The Literary London Journal is the free, online, open-access journal of the Literary London Society.
Founded in 2003 by Lawrence Phillips, who edited the journal between 2003 and 2011, it is the first and only journal to provide a common forum for scholars and students engaged specifically in the study of London and literature. From the start, The Literary London Journal has aimed to publish the best new research relating to London and literature.
The Literary London Society is dedicated to fostering an intellectual community that facilitates interdisciplinary exchange. The Literary London Journal plays an important part in meeting that aim. While the editorial focus of the journal is on representations of London in literature, articles in cognate disciplines that contribute to readings of London are very much encouraged. These subject areas include readings of London in history, drama, film, geography, art history, architecture, urban sociology, painting and engraving, and many more.
The Literary London Journal is fully peer-reviewed. It is published twice a year, in spring and autumn, and is indexed by the MLA International Bibliography and the Directory of Open Access Journals. It appears online only and is free to all. It remains the intention of the Literary London Society to keep the Journal online and free into the foreseeable future.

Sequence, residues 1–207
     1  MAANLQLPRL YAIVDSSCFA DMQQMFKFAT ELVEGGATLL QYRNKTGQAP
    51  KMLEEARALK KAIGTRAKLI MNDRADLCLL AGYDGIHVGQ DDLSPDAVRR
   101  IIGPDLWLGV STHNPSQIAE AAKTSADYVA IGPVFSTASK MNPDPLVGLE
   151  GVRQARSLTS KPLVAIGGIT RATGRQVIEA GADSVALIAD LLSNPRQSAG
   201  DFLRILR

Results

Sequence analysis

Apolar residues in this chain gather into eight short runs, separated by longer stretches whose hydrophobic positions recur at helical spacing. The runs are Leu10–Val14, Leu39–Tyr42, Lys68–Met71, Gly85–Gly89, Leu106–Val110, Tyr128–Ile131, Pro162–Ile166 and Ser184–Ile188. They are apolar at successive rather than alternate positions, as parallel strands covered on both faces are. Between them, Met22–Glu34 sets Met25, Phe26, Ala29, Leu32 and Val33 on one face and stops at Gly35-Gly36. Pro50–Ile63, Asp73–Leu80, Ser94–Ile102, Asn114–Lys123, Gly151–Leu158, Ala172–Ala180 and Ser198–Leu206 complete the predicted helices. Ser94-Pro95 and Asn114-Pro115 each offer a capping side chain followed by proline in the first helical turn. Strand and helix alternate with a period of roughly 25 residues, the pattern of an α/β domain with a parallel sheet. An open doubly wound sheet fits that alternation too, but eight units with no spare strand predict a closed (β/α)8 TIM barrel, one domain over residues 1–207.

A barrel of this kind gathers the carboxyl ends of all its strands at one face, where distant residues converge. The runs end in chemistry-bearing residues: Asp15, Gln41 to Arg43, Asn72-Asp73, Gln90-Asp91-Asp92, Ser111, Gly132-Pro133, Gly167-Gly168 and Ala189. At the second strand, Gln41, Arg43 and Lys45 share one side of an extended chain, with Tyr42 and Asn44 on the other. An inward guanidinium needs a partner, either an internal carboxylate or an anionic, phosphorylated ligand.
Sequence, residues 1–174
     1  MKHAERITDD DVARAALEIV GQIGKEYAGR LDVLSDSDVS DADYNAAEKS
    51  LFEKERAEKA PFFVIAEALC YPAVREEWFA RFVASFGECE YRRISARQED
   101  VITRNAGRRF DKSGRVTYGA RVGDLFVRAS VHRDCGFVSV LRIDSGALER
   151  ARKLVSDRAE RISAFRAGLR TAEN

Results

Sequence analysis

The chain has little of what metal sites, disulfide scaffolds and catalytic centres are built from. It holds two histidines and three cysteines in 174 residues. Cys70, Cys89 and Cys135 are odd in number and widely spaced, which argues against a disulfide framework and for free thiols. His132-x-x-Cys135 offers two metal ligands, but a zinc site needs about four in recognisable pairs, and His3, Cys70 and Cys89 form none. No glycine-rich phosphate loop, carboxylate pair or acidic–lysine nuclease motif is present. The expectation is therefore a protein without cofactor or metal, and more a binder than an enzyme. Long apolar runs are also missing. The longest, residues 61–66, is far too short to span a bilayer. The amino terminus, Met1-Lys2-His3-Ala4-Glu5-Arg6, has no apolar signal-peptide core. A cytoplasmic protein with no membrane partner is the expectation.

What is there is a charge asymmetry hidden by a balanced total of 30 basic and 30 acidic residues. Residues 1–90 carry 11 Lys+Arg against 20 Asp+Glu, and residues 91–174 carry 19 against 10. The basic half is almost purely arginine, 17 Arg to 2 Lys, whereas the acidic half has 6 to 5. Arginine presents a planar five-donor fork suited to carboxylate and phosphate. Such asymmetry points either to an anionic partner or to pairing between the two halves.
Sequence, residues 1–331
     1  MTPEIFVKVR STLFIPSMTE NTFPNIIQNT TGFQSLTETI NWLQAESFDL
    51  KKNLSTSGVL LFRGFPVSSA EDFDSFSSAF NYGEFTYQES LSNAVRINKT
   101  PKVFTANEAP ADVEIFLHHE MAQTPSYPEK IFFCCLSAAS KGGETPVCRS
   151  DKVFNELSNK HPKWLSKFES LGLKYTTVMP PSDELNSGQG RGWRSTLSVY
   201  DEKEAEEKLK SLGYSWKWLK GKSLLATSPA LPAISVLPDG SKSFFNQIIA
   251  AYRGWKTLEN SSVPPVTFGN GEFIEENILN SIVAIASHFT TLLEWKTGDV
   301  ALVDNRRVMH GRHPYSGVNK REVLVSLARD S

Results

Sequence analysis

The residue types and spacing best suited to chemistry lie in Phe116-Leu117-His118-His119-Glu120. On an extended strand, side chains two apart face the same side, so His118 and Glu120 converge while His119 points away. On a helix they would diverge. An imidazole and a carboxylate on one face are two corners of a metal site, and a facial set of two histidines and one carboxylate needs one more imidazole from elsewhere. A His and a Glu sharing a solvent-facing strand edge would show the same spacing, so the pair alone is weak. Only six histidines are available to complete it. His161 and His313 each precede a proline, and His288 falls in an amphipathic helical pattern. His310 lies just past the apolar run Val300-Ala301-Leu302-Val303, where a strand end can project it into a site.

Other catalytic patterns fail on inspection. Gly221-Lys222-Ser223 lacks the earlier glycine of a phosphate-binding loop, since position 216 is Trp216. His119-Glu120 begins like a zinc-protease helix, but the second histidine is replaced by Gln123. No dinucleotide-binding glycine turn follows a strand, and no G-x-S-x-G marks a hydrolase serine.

CALL FOR PAPERS:
To tie in with the recent Literary London Conference (13-14 July 2017) on the theme of ‘Fantastic London’, The Literary London Journal invites contributions for a special issue on ‘‘Fantastic London: Dreams, Speculations and Nightmares‘.
The deadline for submissions is 31 October 2017 and articles (between 5-7,000 words) might broadly address one or more of the following topics or questions:
- Gaslight romance, the urban gothic, London noir, steampunk & speculative poetry
- Future catastrophes, technological dystopias, nightmares of policing & surveillance
- Taking flight into alternate ontologies of nationhood, citizenship and urban belonging
- Architectural caprice, replication and ruin in the development of the built environment
- Stories of financial catastrophe, uncertain inheritance and precarious fortune
- The search for ontological wholeness in a divided, doubled or allotropic city
- The uncanny, arabesque and magical excrescences of the urban everyday
- Dramatizing the life of hidden underworlds, anti-worlds & allegorical environments
- The Weird: H.P. Lovecraft, Arthur Machen, Lord Dusany, M. John Harrison
- ‘Elsewheres’: Doris Lessing, William Morris, J.G. Ballard, Jean Rhys, Anthony Burgess
- Urban Gothic: Bram Stoker, Oscar Wilde, Thomas De Quincey, Charles Dickens
- Underworlds: Neil Gaiman, China Miéville, Michael Moorcock, Michèle Roberts
- Make-believe: J.M. Barrie, Cassandra Clare, Philip Reeve, Christina Rossetti, John Clute
All submissions should be sent to Nick Bentley (journal at literarylondon dot org).
Guidelines on the format for submissions can be found here.